On Fri, Aug 10, 2018 at 11:46:12AM -0000, Dan Purgert wrote: > Not familiar with procmail. A quick perusal of the manpage seems to > indicate this is a local mail "processor" for sorting things, as opposed > to say something on the mailserver itself?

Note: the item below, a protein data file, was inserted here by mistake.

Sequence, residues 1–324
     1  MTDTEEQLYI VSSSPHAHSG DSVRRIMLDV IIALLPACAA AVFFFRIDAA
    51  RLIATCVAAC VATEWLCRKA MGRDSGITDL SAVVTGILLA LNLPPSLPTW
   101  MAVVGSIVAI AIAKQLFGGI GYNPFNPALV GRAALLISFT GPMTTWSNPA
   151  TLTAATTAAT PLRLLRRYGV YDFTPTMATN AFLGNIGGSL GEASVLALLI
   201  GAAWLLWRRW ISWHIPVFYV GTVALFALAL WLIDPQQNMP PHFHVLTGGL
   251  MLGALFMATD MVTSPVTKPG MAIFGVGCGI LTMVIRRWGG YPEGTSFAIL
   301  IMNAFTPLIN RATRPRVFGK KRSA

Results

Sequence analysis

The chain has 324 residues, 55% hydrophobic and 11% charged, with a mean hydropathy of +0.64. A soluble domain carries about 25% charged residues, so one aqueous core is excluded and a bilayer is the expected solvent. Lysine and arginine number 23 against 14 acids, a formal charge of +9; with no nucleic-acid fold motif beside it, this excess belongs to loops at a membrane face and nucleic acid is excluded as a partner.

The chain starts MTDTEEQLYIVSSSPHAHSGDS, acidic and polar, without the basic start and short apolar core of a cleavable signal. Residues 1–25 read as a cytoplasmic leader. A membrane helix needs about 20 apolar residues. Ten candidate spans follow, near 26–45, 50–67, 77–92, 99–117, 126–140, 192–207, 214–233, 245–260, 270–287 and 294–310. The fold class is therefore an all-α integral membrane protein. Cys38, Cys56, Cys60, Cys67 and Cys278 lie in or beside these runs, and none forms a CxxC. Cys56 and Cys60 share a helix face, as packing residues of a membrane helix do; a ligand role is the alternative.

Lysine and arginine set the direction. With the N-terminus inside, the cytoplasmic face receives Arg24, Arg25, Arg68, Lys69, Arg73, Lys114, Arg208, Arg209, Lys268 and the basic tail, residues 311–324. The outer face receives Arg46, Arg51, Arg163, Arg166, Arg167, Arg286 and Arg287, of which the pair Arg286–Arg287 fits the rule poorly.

Correct. Procmail uses a set of rules to decide what to go with messages presented to it; those rules are usually based on the contents of message headers, but don't have to be. For example, for this mailing list: :0: * ^X-Mailing-List:.*<email@example.com> /home/rsk/linux/debian-user Translating, this means that any message which has the specified header will be appended to the file named in the last line. (It would be nice if the debian lists complied with RFC 2919 by using List-Id, but at least this header works and is consistent throughout.) The small regexp in there is present because the functional part of the header is the text in angle brackets; any text preceding it is for human consumption, and may change (or not be present at all). A typical usage pattern for procmail might be something like this: mail server -> fetchmail -> procmail -> mail client In other words, a program like fetchmail is used to retrieve mail (via POP or IMAP) from a mail server. Fetchmail hands off each message to procmail. Procmail decides what to do with each message, which usually means filing it.  The user can then read each mailing list by pointing their mail client at it. This also accumulates a per-mailing list archive (in mbox format), which is useful. This is a highly scalable, very robust setup for anyone who has to deal with lots of mailing lists or with correspondence involving diverse groups of people. It scales to thousands of rules (I have 3000+ as of this morning), it executes quickly, and because procmail is careful to Do The Right Thing even under adverse circumstances, it's rather tolerant of configuration errors. Happily, most mailing lists now support RFC 2919 (or at least something functionally equivalent, as we see here) so it's not often necessary to craft procmail rules based on other headers. ---rsk  Although it could also mean forwarding it, duplicating it, discarding it, etc. For example, there exists a mailing list called "outages", which is used to announce and track outages of networks and other operations of interest. If you're subscribed to outages and have a particular interest in certain ASNs or operations, you can easily craft a procmail ruleset specific to those that (a) files a copy of the message as above and (b) upon a relevant Subject-line match, submits a duplicate copy of the message to an internal ticketing system so that it becomes visible to operations staff, and so that it can be tracked in the same way as other trouble reports.